NSA Extends Access Control to Network Storage
The National Security Agency is leading an effort to extend its access control
work into the arena of network file storage. The effort involves integrating
NSA's Flask mandatory access control (MAC) architecture -- now the basis of
Security-Enhanced Linux (SELinux) -- into the Network File System (NFS) protocol
widely used for network-attached storage devices.
David Quigley of NSA's National Information Assurance Research Laboratory presented
the latest work on the project, called Labeled
NFS, at the 71st meeting of the Internet Engineering Task Force this week
in Philadelphia. IETF currently oversees the NFS protocol.
NSA initiated and led
the effort to develop SELinux, an implementation of NSA's Flask MAC architecture
for Linux. With MAC, programs and users are assigned attributes such as security
levels. Whenever a program spawns a process thread or calls a file, the attributes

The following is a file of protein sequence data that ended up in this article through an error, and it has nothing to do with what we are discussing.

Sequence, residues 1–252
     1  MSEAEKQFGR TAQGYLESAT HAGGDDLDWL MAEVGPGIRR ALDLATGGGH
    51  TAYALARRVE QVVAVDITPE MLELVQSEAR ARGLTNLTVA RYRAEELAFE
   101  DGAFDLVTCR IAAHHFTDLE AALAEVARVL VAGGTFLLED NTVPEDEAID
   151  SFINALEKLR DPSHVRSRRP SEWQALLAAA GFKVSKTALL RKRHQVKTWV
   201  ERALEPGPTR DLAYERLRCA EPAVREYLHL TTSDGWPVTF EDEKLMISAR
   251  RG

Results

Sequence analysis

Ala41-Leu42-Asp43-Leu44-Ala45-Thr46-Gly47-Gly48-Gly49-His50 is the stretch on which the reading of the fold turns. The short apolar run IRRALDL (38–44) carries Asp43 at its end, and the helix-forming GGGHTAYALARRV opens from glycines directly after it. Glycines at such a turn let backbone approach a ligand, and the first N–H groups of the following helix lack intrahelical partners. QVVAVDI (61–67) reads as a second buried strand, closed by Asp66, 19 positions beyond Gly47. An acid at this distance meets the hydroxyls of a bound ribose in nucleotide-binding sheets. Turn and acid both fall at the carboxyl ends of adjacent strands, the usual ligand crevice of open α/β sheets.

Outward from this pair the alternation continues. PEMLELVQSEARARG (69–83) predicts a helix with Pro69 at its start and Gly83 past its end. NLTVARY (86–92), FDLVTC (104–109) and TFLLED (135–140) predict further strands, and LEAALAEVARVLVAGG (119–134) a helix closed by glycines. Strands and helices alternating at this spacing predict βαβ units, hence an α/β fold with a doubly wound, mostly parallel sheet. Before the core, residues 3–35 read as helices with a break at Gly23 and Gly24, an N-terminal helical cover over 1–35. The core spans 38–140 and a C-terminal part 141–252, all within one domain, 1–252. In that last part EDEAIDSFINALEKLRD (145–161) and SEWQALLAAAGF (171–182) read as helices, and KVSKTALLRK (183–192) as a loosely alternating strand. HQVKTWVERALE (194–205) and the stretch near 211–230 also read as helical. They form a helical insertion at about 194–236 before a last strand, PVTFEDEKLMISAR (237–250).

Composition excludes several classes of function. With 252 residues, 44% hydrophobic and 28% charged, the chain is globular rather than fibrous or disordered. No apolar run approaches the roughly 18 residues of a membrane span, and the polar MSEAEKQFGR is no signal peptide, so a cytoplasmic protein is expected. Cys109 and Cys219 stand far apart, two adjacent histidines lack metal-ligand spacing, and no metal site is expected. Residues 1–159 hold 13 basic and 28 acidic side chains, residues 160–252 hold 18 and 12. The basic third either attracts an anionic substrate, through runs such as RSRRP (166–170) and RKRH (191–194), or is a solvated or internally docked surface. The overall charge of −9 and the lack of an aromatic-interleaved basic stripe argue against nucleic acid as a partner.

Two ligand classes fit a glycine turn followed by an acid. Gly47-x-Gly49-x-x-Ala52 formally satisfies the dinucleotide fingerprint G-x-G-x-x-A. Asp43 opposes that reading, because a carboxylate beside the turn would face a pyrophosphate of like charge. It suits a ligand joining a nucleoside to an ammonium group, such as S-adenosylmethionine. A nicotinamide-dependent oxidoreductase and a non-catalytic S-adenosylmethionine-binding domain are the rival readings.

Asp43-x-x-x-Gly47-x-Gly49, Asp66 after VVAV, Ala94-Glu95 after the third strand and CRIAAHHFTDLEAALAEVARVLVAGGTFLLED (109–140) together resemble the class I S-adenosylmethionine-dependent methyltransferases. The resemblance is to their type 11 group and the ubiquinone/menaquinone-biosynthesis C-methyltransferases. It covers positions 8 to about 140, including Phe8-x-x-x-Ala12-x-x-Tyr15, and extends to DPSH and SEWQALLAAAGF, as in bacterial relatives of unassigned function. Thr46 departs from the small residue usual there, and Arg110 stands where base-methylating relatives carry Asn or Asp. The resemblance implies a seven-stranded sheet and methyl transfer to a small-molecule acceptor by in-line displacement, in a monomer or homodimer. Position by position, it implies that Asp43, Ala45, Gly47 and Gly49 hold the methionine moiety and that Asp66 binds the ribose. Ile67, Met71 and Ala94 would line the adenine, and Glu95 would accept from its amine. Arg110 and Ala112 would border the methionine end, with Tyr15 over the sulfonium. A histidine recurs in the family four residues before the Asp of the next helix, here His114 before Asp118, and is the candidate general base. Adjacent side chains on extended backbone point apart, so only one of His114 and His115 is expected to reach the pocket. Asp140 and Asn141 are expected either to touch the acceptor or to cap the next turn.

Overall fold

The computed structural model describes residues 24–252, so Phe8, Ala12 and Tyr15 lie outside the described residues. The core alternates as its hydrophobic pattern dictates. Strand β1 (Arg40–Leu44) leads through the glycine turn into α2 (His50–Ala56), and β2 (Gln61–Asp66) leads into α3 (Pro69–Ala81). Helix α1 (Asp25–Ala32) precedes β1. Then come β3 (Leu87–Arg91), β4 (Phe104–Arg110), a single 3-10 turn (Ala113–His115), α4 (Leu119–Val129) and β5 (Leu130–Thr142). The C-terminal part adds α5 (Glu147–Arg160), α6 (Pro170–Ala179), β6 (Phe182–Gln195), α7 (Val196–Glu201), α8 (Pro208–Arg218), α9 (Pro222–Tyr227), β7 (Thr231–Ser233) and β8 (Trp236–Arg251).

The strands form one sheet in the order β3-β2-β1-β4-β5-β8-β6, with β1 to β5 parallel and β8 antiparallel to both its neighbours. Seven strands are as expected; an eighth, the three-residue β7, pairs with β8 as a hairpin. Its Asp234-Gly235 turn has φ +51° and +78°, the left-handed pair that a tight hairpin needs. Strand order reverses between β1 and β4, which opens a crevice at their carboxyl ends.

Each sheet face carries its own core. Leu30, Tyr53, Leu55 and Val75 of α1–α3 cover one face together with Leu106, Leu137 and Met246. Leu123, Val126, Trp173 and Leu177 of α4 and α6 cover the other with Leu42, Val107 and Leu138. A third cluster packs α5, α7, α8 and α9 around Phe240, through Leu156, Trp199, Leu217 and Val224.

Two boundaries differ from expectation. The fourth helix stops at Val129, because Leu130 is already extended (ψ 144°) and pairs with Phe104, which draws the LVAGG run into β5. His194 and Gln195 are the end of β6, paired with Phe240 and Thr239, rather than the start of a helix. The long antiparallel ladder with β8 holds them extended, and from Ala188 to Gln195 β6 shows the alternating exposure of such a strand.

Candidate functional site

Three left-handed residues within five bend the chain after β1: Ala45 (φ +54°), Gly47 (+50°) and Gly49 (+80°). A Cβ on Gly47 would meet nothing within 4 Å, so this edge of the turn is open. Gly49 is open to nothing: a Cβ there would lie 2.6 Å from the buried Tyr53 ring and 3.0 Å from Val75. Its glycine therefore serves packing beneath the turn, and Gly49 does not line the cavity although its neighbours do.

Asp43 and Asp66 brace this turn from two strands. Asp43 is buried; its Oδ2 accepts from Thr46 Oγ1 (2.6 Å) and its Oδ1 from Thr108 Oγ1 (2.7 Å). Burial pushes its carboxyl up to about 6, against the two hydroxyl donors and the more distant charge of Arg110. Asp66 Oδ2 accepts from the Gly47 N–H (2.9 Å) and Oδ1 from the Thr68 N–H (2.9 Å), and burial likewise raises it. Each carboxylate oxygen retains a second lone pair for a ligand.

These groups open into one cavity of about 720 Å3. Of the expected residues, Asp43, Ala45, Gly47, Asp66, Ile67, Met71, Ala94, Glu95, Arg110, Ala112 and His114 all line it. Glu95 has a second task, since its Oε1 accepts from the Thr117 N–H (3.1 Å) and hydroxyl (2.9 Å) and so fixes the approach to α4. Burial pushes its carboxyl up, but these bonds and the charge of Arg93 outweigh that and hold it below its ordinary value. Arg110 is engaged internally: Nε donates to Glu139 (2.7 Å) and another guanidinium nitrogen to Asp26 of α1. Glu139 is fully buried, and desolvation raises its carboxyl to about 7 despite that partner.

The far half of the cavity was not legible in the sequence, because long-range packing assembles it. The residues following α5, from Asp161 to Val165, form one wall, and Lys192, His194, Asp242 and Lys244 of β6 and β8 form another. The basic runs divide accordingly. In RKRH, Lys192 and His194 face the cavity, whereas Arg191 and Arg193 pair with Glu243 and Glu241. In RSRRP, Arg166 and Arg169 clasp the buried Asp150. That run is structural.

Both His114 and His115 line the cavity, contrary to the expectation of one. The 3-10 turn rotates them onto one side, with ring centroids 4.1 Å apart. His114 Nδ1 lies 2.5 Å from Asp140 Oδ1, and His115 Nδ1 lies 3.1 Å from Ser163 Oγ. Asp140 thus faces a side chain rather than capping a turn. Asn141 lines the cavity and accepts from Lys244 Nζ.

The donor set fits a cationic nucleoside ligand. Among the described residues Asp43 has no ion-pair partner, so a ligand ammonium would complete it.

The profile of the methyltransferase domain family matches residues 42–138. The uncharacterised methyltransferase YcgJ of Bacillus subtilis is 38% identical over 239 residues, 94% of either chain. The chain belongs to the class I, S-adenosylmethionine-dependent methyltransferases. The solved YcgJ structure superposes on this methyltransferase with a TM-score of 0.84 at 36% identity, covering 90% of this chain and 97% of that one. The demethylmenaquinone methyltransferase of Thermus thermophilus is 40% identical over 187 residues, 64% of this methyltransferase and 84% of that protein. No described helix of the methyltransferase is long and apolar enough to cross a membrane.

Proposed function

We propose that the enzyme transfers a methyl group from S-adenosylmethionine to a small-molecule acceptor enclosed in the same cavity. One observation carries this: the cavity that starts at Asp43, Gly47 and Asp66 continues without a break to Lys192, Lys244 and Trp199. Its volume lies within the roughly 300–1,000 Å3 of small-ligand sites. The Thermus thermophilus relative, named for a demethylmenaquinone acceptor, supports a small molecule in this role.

are checked against the organization's authorization rules.
By deploying MAC, organizations can ensure that machine intruders don't hijack
programs to execute malicious tasks, and they can prevent employees from accessing
documents they don't have permission to view.
Labeled NFS extends those features across the network. By having NFS handle
MAC labels, someone using a trusted computer can read and write files and execute
programs that reside on NFS-based network storage. Today, the Flask architecture
requires that all programs and files be stored locally.
Labeled NFS can work in smart mode, which allows the file server to make access
control decisions, or dumb mode, which means it takes instructions from the
James Morris, principal software engineer at Red Hat, published
the first recommendation for this approach, originally called Security Enhanced
NFS, last summer. The company incorporates SELinux into its Red Hat Enterprise
Linux operating system.
In addition to SELinux, Labeled NFS could also support Solaris Trusted Extensions,
TrustedBSD and Security Enhanced Darwin, a MAC-enhanced version of the Apple
Joab Jackson is the chief technology editor of Government Computing News (GCN.com).